Biography of Franklin Delano Roosevelt
Franklin Delano Roosevelt, popularly known as FDR, was born on January 30, 1882 at the family estate in Hyde Park, New York. His father, James, graduated from Harvard Law School, married, had a son, and took over his family?s rights in coal and transportation. Despite the fact that he lost a good deal of money in financial gambles, he remained wealthy enough to travel by private railroad car, to live comfortably on his Hudson River estate at Hyde Park, and to travel at length. After his first wife died, James waited four years to remarry to Sara Delano, a sixth cousin. She was also a member of the Hudson River aristocracy, and although she was only half of James? 52 years, she settled into their Hyde Park estate quite comfortably. The marriage worked well until it was broken by James? death in 1900.
Young Franklin Roosevelt had a secure and pleasant childhood. His half-brother was already an adult when Franklin was born, and so he had no rival for the attention of his parents. During the summer months he would travel with his parents to Europe, to the seaside in New England, or to Campobello Island off the coast of New Brunswick, where he developed a love for the ocean and sailing. Until the age of 14 FDR received his education from private tutors.
FDR?s most lasting educational experience was at Groton School in Massachusetts, which he attended from 1896 to 1900. Groton?s headmaster, Reverend Endicott Peabody, instilled the virtue of public service in Franklin, and this would be something that he would carry with him throughout his life. At Groton FDR was not academically outstanding, nor did he gain vast popularity,? Franklin struggled to fit in?but he was only a spindly five feet three inches tall, too slight for football, baseball, or crew, the only sports that really mattered at Groton. Tennis and golf, at which he excelled, were not considered important? (Miller 27). However he was liked enough for someone home-schooled his whole life, and FDR displayed his ability to adapt to situations. In addition, one of the most important virtues that FDR would ever attain came from his years at Groton: his belief that the children of the upper class had a duty to give back to the lesser fortunate.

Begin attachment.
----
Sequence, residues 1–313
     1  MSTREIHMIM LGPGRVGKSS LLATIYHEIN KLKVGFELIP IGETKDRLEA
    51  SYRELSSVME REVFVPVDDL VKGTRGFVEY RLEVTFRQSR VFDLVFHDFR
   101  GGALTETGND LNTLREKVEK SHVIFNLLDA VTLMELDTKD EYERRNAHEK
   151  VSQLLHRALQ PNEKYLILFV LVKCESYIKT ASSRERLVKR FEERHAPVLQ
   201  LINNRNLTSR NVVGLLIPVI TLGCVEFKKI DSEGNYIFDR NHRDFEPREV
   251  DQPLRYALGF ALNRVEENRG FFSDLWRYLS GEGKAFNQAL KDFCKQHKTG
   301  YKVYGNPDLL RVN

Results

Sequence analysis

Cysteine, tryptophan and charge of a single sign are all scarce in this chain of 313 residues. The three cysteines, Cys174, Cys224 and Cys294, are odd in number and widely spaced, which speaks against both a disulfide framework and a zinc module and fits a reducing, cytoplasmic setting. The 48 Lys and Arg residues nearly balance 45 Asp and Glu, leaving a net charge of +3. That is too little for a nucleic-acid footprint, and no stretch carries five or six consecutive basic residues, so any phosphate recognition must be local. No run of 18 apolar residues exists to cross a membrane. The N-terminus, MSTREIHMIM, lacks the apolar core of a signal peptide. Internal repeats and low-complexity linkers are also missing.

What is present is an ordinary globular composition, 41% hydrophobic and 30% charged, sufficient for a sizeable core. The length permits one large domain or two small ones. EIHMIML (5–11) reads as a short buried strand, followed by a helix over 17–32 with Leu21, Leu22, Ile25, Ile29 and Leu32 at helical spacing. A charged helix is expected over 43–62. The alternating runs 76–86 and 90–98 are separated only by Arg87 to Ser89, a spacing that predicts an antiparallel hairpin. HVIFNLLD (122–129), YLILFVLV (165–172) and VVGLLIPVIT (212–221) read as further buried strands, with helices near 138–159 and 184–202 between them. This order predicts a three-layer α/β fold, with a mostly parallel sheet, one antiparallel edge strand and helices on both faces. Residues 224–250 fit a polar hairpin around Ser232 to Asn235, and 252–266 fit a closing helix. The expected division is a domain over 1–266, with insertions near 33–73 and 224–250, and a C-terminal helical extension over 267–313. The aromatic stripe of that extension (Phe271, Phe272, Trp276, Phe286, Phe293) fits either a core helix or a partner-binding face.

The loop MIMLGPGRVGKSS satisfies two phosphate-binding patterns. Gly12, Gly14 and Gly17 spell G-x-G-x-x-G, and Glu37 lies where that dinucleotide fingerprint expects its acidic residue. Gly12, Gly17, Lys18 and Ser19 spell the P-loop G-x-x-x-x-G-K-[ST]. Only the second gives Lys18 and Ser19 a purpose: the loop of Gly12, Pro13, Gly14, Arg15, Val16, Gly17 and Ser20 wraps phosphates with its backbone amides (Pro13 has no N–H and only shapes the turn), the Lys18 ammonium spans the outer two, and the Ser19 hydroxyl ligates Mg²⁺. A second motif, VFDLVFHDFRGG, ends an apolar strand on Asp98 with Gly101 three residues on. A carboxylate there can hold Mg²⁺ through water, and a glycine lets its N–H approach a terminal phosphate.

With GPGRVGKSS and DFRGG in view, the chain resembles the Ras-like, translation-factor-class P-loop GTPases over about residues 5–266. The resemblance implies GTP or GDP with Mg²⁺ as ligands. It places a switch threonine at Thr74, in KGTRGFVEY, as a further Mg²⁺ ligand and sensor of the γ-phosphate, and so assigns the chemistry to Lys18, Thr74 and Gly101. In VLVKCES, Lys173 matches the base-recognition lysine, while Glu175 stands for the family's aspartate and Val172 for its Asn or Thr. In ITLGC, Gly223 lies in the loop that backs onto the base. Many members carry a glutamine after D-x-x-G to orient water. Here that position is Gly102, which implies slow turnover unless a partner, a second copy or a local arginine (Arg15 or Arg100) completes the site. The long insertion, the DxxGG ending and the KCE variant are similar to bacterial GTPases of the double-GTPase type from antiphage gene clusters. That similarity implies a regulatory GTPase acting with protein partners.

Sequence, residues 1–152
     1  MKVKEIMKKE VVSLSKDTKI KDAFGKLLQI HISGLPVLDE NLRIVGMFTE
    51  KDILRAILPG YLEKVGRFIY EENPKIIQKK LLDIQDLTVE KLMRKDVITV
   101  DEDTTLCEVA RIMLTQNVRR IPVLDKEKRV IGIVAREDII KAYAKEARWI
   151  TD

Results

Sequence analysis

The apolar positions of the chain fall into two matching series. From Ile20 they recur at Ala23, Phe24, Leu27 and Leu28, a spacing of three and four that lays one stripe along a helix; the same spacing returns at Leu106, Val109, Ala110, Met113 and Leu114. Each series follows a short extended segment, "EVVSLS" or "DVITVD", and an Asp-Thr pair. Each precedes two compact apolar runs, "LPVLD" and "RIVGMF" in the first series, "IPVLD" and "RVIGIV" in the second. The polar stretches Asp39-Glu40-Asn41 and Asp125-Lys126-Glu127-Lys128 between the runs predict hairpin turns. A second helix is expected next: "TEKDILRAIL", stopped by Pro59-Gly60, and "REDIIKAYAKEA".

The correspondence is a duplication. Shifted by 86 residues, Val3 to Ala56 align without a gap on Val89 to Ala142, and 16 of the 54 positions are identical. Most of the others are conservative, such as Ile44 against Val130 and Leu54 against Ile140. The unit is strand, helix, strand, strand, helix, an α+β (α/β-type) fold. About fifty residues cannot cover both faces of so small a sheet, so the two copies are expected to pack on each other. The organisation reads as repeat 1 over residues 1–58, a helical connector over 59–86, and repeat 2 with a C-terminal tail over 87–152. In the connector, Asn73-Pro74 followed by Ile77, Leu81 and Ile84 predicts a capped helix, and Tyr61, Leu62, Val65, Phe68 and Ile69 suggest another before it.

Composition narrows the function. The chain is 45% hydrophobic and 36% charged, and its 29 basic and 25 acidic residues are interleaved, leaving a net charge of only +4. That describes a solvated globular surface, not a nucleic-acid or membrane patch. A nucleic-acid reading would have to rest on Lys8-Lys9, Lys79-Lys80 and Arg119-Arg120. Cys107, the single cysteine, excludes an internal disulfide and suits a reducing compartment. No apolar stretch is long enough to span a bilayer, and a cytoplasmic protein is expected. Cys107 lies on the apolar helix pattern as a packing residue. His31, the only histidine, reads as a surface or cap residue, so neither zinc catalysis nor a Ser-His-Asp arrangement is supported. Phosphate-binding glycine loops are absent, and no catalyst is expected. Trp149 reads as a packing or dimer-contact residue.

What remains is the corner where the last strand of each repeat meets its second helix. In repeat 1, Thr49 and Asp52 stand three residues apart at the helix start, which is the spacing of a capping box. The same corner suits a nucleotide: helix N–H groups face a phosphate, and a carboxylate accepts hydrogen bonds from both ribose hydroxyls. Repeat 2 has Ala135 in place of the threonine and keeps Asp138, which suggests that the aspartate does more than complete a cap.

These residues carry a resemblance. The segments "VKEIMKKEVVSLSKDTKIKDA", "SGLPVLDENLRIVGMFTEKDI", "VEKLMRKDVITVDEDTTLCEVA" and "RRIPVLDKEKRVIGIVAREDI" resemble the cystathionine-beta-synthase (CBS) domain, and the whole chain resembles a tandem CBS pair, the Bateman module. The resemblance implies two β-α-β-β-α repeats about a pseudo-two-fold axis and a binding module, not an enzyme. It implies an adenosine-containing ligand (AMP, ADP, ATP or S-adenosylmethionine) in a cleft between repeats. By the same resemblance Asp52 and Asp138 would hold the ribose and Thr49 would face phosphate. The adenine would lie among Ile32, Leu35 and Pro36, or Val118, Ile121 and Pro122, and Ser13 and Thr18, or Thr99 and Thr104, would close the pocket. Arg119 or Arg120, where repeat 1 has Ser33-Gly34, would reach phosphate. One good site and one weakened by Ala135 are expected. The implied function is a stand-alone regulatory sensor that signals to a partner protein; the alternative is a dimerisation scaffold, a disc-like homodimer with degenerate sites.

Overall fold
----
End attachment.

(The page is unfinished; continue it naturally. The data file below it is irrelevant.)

FDR then went on to Harvard University, from 1900 to 1904, where he performed only slightly better than he had at Groton. Thanks to his tremendous preparation at Groton, however, FDR was able to complete his course study for his B.A. in 1903, only three years. During his fourth year he was editor of the Crimson, the college newspaper, but he was not admitted to the most prestigious social club. He did not receive much inspiration in the classroom, and he displayed no excitement about his studies.
While he was at Harvard FDR fell in love with Anna Eleanor Roosevelt, his fifth cousin once removed. Eleanor came from a troubled past, but grew up in the same aristocracy that FDR himself had. On March 17,...